Investors are increasingly seeking advice on how the potential nomination of Lawrence Summers as chairman of the Federal Reserve instead of Vice Chairman Janet Yellen might influence monetary policy and financial markets.
Inquiries about Summers’s chances “are picking up a lot,” said Matthew Benjamin, an analyst at Medley Global Advisors LLC in Washington, a firm that provides political intelligence to hedge funds. “Wall Street is very interested in this, and there is a perception that there is a difference between Yellen and Summers” in their approach to monetary stimulus.
Chairman Ben Bernanke’s term ends in January, and his successor may take over as the Fed pares back its monthly bond purchases of $85 billion, a prospect that has rocked financial markets from New York to Jakarta. Some investors say Treasury yields have risen in reaction to the possibility of a Summers nomination and could go higher.
“The market was comfortable with a Yellen appointment and is needing to grow comfortable with what a Larry Summers appointment might mean,” said Leo Grohowski, chief investment officer of New York-based BNY Mellon Wealth Management, which oversees more than $175 billion. “It’s one of the uncertainty factors that the market has to deal with that many, a few months ago, didn’t think we had to deal with.”
Interest rates on Treasury debt and mortgages have climbed since May 22, when Bernanke told the Joint Economic Committee of Congress that the central bank may begin tapering the pace of asset purchases, known as quantitative easing, at one of the Fed’s “next few meetings.”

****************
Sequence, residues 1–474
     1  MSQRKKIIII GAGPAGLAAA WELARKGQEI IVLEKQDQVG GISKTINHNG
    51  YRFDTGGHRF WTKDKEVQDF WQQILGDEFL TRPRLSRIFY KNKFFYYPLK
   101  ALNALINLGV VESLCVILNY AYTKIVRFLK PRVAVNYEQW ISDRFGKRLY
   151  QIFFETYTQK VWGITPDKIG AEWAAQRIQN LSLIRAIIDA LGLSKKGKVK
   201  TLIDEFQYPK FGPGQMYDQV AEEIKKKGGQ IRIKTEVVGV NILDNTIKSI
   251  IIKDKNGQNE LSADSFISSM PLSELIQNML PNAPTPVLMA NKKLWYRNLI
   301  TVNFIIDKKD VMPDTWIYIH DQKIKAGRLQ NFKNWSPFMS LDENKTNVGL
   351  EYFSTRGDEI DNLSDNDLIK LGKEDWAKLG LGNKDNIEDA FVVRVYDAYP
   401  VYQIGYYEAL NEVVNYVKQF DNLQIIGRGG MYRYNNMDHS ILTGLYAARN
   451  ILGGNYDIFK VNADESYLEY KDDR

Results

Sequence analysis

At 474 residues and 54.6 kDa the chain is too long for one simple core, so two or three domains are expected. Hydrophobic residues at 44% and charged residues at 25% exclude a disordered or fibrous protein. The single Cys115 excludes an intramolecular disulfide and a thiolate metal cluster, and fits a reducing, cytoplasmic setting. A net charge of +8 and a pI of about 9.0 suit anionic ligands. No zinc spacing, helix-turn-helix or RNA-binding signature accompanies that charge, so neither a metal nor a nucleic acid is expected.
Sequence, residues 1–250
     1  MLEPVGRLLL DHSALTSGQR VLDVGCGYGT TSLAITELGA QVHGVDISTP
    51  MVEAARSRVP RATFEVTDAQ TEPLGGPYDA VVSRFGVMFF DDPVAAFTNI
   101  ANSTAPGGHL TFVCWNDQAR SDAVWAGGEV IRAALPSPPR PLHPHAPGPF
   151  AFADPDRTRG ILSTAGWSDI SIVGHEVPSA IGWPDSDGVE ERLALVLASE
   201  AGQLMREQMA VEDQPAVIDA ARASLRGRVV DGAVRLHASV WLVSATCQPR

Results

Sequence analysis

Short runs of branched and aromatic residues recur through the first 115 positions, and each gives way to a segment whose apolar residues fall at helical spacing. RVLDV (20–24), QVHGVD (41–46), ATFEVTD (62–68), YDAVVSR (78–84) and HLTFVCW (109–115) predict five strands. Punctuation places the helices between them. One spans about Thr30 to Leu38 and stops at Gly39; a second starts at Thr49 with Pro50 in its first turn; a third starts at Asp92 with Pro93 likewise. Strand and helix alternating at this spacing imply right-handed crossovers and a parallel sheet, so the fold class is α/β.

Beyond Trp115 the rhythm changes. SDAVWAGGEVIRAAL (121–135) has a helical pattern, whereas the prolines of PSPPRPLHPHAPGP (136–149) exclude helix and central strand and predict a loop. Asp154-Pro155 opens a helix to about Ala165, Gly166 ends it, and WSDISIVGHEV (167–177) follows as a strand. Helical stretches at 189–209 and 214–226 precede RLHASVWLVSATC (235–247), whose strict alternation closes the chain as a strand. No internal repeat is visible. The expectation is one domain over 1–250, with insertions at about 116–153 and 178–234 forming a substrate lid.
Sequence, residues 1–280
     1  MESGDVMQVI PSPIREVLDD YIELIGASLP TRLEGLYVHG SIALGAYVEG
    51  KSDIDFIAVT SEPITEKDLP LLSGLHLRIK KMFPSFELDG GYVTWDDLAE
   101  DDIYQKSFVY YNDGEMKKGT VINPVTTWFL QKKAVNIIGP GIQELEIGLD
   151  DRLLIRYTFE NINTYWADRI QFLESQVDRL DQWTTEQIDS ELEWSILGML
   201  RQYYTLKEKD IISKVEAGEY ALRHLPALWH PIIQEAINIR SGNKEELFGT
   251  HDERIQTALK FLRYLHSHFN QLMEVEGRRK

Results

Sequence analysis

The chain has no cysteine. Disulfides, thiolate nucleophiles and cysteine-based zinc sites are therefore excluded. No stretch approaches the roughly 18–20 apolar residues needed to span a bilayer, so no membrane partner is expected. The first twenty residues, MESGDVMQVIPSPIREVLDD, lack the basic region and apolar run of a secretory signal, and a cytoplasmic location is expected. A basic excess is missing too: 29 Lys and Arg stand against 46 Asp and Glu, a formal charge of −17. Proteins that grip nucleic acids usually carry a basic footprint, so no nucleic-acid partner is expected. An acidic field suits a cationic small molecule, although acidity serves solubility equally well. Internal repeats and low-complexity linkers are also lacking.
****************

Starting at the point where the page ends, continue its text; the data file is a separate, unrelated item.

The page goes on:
The yield on the 10-year Treasury note rose to 2.75 percent yesterday from 1.63 percent on May 2, the lowest level of the year. The national average 30-year fixed-rate mortgage has risen to 4.51 percent from 3.35 percent in early May, according to Freddie Mac.
The U.S. bond market is facing its worst losses in at least 37 years. Through Aug. 28, the Bank of America-Merrill Lynch U.S. Broad Market Index was on pace for a 4.8 percent annual decline, the biggest loss since the index began in 1976.
The possibility of a Summers chairmanship has contributed to the increase in borrowing costs because he is seen as likely to end the Fed’s quantitative easing sooner than Yellen would, said Krishna Memani, New York-based chief investment officer of fixed income at Oppenheimer Funds Inc., with about $208 billion under management.
“Tapering with the prospect of a Summers Fed chairmanship clearly are the two big drivers of rates rising and the yield curve steepening,” said Memani.